Vice Provost McMaster’s reach extends across University map

Robert McMaster, former professor and veteran administrator, has one of the broadest career portfolios in the country.

Vice Provost and Dean Bob McMaster posed for a portrait on Monday, April 29 in Morrill Hall.

Chris McNamara

Vice Provost and Dean Bob McMaster posed for a portrait on Monday, April 29 in Morrill Hall.

Dylan Anderson

Robert McMaster loves maps. He is surrounded by them: a globe in his office and framed maps on the walls. Maps even decorate many of the ties he wears.

“He’s always reminding us about geography all the time, telling us what’s a map and what’s not a map,” said Jennifer Reckner, chief of staff in the University of Minnesota’s Office of Undergraduate Education, which McMaster oversees. “You’d be surprised at how much that comes up in general conversation.”

McMaster has worked at the University for 30 years as a geography professor, researcher and longtime administrator. He recently returned to the role as vice provost and dean for the Office of Undergraduate Education after a recent three-month stint as acting provost.

McMaster oversees nearly everything regarding undergraduate education, including parts of advising, admissions, orientation and One Stop Student Services, among others. Coming from the field of analytical cartography, data drives McMaster’s decision-making. Numbers help him understand topics like admission, student access and retention to make informed decisions in his wide-reaching position.

Since McMaster took the reins of undergraduate education in 2007, the four-year graduation rate on the Twin Cities campus has increased by nearly 30 percent. While this increase is not solely because of McMaster, many say his direction of the office has led to the University’s success.

“He is [in] very high demand because he can fill a lot of different roles,” said Suzanne Bardouche, former OUE chief of staff.

She said McMaster’s typical day may have a plan, but that the plan often changes because of the sheer number of his duties.

“He might get called to the legislature to talk about something, a regent might want to come and talk with him, there might be some sort of student crisis,” Bardouche said. “Typically, he was in the office until late and he was always reachable.”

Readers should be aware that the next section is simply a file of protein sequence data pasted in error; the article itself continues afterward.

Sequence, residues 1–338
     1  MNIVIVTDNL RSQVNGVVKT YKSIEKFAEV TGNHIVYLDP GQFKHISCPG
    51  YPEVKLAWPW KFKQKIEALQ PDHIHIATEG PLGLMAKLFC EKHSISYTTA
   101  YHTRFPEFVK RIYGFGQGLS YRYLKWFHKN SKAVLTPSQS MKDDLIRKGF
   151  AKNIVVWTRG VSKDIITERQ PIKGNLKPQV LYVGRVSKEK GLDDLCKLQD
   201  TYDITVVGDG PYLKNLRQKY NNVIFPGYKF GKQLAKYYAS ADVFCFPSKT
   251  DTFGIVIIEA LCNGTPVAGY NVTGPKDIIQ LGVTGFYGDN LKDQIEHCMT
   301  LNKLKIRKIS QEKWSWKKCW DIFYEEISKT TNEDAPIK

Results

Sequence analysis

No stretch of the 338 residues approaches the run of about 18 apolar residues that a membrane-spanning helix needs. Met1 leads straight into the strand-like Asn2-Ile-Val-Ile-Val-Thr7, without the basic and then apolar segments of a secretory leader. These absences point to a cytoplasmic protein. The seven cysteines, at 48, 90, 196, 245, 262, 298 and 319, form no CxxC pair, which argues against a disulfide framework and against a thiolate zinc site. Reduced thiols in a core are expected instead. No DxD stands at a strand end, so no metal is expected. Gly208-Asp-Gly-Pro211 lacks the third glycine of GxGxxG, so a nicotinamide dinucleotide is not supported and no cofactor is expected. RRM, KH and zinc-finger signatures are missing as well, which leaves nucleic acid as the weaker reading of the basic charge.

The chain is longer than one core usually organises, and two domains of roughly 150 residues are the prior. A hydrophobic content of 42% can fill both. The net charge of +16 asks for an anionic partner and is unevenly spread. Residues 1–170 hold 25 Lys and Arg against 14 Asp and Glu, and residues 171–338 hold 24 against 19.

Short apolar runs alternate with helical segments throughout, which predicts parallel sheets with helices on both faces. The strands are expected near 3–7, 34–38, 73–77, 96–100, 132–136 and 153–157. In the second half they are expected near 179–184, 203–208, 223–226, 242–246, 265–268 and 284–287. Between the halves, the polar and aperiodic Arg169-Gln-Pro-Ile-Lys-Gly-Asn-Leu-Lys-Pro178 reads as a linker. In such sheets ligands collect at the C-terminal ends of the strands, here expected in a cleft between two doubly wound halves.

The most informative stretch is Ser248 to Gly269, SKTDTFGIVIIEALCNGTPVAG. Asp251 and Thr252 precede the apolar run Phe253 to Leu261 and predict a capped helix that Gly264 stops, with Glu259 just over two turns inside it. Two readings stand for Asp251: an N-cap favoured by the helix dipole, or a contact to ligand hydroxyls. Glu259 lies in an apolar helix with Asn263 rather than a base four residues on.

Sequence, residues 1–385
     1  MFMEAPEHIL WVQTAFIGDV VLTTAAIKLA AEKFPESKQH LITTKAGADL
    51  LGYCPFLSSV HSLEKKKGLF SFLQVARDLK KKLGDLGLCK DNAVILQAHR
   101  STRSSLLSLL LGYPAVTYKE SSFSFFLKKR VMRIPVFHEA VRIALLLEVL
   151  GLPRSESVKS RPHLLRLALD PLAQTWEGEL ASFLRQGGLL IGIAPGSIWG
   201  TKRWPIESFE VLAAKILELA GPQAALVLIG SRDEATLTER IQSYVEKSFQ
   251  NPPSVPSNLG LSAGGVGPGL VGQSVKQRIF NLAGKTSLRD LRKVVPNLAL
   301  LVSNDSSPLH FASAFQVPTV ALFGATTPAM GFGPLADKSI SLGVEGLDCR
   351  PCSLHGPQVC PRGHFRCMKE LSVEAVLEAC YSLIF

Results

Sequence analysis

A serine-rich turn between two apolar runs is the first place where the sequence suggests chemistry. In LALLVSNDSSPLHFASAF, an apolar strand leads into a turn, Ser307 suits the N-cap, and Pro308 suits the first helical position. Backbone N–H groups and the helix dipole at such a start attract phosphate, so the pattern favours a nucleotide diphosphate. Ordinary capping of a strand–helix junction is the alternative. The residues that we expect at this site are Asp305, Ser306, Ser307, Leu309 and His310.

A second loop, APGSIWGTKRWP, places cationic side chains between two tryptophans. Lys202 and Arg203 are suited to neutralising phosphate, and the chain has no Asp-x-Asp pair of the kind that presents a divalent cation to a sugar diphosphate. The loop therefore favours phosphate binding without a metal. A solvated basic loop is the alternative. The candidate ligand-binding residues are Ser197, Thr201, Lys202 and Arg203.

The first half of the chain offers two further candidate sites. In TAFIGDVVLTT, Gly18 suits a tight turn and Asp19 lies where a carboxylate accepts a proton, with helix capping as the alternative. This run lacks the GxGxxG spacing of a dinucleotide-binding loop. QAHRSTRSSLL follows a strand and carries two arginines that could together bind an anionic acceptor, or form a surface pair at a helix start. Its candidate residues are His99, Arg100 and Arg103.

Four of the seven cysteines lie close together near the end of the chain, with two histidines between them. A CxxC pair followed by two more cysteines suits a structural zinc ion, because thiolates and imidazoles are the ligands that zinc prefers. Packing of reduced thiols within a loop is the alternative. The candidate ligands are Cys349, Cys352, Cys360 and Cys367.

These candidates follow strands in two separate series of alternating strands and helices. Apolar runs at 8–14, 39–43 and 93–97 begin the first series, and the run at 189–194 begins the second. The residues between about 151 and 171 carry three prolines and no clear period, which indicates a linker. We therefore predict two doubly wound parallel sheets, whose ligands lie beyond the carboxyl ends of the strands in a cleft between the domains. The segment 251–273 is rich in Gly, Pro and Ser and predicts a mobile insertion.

McMaster has a wife, two daughters and a German Shepherd named Klover. He stays occupied.

“I think one of the one of the struggles with these kinds of jobs is life balance,” McMaster said. “I try as hard as I can to make sure that this doesn’t consume me.”

When Reckner considered becoming chief of staff, she asked Bardouche about the office culture. She was skeptical when she was told that McMaster is always in a good mood.

“I thought, ‘really?’” Reckner said. “And he really, really is. He’s always in a good mood, he’s always even-tempered and he’s constantly cracking jokes with us.”

McMaster got his start at the University as a professor and researcher in the geography department, where he served as department chair for three years. He has known fellow geography professor Abdi Samatar for 25 years, who said McMaster is a thoughtful listener.

“Some academics and some administrators often make up their minds before they hear the full story. Bob is patient enough to listen to freshmen as well as a senior professor,” Samatar said.

McMaster has always been innovative. He designed his own undergraduate degree in cartography and geography during his time at Syracuse University.

While it may not be often, McMaster makes sure to get back to Syracuse University for a geography lecture every now and then. “I go back once a month to my geography office and test the key, make sure they haven’t taken my office away,” McMaster said.

Samatar said that while McMaster was in the department, he led the creation of one of the nation’s first master’s programs in geographic information science. He said McMaster saw where the discipline was headed. Universities across the country have followed suit and established similar programs.

For McMaster, it always comes back to students — not just ensuring they are successful at the University, but that their time here is efficient and that they leave without the burden of debt. He regularly meets with a student advisory board to gather feedback.

“He takes off the mask of administrator when he comes to [meetings],” said Dobbs Decorsey, a student on the board. “He’s actually trying to make a change for students on campus, and it’s really nice we have somebody who’s on our side.”